(1) Decrease electricity rates for consumers by providing project developers with added certainty regarding timing, which helps to lower bid pricing;

(2) Help achieve the State's RPS goals in a timely manner; and

(3) Help reduce greenhouse gas emissions earlier in order to mitigate climate change.

The legislature has previously established time limits for state and county agencies by which they must issue decisions in certain types of matters. For example, to facilitate timely broadband deployment, counties are required to approve, approve with modification, or disapprove all applications for broadband-related permits within sixty days of submission of a complete permit application and full payment of any applicable fee, otherwise the application is deemed approved by the county pursuant to section 46-89(a), Hawaii Revised Statutes. In addition, under the State Procurement Code, hearings officers must issue a written decision on procurement matters no later than forty-five days from the receipt of a request from a party for administrative review pursuant to section 103D-709(b), Hawaii Revised Statutes.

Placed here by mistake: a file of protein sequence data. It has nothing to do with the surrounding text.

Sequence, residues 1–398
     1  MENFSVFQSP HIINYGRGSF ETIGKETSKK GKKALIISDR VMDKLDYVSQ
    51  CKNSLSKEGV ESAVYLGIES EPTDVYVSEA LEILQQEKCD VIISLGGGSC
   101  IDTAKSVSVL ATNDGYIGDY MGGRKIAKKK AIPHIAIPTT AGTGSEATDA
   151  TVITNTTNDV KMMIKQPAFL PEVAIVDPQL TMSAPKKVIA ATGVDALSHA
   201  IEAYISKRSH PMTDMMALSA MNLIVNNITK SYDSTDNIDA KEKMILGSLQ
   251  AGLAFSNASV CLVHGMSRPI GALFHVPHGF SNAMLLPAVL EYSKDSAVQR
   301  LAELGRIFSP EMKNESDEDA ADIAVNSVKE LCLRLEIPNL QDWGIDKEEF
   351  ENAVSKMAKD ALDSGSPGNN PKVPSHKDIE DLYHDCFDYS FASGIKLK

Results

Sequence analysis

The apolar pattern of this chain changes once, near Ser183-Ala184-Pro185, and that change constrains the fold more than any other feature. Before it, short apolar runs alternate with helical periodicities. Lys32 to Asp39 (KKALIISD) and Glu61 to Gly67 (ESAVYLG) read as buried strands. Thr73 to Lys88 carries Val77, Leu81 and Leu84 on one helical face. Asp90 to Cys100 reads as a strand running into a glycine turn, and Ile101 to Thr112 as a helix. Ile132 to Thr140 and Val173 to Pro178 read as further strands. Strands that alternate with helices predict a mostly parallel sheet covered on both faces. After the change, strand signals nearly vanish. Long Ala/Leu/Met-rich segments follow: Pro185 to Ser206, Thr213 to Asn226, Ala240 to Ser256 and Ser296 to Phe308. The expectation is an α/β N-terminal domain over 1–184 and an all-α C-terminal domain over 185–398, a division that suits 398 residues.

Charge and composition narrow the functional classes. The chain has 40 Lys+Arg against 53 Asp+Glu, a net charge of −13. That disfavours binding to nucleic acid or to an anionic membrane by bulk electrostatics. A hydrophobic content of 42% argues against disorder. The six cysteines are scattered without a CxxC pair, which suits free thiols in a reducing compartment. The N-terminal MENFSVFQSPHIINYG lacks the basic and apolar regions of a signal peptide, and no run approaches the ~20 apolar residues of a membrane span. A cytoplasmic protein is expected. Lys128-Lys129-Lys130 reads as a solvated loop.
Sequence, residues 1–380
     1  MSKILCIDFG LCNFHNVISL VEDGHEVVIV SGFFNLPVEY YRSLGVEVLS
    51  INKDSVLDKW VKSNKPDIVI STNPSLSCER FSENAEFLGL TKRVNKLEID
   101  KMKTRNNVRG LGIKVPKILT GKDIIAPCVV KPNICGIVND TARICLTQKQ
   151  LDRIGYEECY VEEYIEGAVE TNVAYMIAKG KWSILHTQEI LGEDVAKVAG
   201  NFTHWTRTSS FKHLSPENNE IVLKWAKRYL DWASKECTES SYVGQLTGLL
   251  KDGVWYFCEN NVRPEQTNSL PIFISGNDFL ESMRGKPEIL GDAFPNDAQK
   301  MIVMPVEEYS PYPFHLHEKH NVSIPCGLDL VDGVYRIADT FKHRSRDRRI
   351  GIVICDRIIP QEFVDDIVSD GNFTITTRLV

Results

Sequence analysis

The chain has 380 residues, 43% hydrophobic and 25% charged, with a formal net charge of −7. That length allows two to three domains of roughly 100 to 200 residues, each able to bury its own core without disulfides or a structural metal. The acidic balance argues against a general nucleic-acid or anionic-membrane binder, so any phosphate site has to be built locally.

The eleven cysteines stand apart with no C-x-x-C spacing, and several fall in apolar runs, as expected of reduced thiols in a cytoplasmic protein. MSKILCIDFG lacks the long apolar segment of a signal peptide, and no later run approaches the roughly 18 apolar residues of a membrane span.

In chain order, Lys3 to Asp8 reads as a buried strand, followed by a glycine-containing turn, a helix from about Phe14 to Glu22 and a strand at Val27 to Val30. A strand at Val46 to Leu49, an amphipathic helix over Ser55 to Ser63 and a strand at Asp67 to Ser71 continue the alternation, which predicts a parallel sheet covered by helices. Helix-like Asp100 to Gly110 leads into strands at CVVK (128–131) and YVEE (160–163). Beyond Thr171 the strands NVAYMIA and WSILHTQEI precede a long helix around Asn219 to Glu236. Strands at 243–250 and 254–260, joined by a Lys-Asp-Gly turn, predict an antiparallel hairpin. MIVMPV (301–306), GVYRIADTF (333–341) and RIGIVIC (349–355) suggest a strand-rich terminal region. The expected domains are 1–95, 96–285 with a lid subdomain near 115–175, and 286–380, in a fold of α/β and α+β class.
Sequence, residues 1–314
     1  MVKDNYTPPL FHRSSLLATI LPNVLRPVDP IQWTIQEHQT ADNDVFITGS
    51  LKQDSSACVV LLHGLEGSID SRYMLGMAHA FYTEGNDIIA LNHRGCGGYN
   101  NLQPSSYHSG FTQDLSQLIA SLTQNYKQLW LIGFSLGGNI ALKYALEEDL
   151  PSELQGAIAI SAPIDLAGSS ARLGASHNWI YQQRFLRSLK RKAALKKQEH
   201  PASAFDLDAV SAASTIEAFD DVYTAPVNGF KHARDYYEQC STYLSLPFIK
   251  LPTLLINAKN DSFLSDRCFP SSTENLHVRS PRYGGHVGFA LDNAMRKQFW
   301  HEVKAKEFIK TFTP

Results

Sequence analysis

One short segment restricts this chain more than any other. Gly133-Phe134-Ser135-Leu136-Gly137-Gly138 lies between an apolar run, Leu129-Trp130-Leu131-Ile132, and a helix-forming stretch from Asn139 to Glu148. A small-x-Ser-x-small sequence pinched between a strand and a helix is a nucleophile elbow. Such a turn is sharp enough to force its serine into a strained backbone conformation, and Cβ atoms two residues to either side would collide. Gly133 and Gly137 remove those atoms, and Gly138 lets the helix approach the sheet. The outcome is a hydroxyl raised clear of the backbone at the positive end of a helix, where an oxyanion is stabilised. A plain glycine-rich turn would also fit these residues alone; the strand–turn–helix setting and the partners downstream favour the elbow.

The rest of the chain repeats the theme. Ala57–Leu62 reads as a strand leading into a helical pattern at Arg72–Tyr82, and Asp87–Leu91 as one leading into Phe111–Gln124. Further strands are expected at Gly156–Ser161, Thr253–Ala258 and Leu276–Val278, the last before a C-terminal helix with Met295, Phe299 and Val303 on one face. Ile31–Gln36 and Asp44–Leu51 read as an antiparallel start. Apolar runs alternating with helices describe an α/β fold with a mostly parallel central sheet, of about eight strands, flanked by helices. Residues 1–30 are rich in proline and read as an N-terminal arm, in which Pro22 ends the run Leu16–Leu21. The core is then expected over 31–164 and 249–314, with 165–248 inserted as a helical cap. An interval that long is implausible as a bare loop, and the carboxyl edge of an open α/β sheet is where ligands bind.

The legislature also enacted section 269-16(d), Hawaii Revised Statutes, to provide for public utilities commission's decisions on rate cases within nine months. For rate cases, the public utilities commission is required to make every effort to complete its deliberations and issue its decision as expeditiously as possible and before nine months from the date the public utility filed its completed application.